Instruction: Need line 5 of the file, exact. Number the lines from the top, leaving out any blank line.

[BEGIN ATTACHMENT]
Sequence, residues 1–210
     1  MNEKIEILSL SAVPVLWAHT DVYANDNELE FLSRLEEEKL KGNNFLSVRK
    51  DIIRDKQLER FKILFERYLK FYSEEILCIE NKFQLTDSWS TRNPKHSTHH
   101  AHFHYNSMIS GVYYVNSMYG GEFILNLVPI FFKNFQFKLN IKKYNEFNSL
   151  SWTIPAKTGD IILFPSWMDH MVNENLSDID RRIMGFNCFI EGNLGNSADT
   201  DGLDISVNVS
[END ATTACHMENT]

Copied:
   151  SWTIPAKTGD IILFPSWMDH MVNENLSDID RRIMGFNCFI EGNLGNSADT